Latest from Tony Blankley
Last weekend, Sen. Lindsey Graham, R-S.C., tried his hand at dissecting GOP foreign policy attitudes. I commend the senator for trying to come to grips with this vital question that is getting so little, if any, national discussion. As foreign events grow ever more threatening, the view of the now both culturally and congressionally dominant party — the GOP — becomes central to the range of political options that President Obama has, as a practical matter.
There are two factors to assess: 1) Is the pre-tea party GOP in the process of shifting significantly from its free trade, strong, assertive military posture that it has maintained for two generations and 2) do the new tea party members have a discernible position, and if so, what is it?
Removing the snake from the garden with a stick was a rejection of the snake, but should not be seen as particularly an endorsement of the stick — except as the closest available tool with which to eject the snake. The stick should not be seen as a substitute snake.
That was the tone after the election in which there was a general agreement that the election was a broad and deep repudiation of the president's policies and administration, while also not being an endorsement of the GOP.
We are so used to seeing politics as binary in America, it is almost algebraic: minus 6 D equals plus 6 R. The country either is for the Republicans or the Democrats. The idea that the public could be for neither does not fit our thinking. The effort to talk about the Democrats negatively without talking about the GOP positively (or the other way round) simply leaves us mentally adrift.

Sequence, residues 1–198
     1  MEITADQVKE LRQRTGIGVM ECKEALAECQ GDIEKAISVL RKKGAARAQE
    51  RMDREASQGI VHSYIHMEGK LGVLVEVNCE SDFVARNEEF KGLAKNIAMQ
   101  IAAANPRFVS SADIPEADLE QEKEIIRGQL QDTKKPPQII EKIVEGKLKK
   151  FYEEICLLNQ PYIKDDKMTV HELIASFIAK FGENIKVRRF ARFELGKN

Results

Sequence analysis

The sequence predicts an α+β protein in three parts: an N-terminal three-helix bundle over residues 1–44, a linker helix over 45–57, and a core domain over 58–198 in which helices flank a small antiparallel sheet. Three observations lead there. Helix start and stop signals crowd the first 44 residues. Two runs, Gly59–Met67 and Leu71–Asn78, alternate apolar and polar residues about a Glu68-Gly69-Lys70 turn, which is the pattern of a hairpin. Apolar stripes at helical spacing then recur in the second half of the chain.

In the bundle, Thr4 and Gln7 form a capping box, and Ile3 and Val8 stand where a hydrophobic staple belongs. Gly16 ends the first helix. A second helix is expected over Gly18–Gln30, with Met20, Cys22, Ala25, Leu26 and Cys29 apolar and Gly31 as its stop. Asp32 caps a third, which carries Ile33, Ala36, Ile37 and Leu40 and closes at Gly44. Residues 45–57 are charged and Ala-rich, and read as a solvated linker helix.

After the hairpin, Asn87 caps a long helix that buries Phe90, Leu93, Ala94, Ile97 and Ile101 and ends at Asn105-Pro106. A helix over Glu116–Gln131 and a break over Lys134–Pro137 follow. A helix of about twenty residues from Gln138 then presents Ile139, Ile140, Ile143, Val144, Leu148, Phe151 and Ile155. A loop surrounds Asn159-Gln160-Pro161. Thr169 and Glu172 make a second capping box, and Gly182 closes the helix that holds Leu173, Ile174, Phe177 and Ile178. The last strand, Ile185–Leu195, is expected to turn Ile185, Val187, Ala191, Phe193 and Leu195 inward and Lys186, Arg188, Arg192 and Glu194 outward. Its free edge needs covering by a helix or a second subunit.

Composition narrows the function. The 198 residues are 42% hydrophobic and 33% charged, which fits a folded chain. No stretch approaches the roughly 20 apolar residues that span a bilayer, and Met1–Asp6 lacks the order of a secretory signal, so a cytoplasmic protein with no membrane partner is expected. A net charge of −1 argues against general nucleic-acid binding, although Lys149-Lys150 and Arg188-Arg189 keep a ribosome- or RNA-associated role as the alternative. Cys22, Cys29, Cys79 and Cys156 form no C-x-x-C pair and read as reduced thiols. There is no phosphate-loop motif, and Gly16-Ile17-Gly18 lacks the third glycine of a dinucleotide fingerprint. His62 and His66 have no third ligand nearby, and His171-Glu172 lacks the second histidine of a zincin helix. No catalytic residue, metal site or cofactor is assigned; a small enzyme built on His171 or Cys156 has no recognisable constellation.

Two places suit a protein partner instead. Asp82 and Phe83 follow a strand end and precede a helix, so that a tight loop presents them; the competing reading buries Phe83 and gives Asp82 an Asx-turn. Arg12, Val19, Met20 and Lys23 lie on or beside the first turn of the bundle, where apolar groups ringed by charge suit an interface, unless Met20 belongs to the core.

In 2011, the two major legislative initiatives of the tea party Congress (pray the voters deliver such a congress) will be to get a grip on the deficit, and to begin to reverse the intrusion of the federal government in American lives and business.
It remains to be seen whether Congress will have the guts — and even the tea party public will give their support-for the entitlement cutting that deficit control and long-term fiscal soundness will require.
Procedurally, however, the method is pretty straightforward. Congress passes a 10-year budget resolution, then passes appropriations and other bills to carry out those objectives. And, of course, the president has to sign them into law. That may result in the greatest Washington political battle since slavery, but at least the legislative method is obvious and straightforward.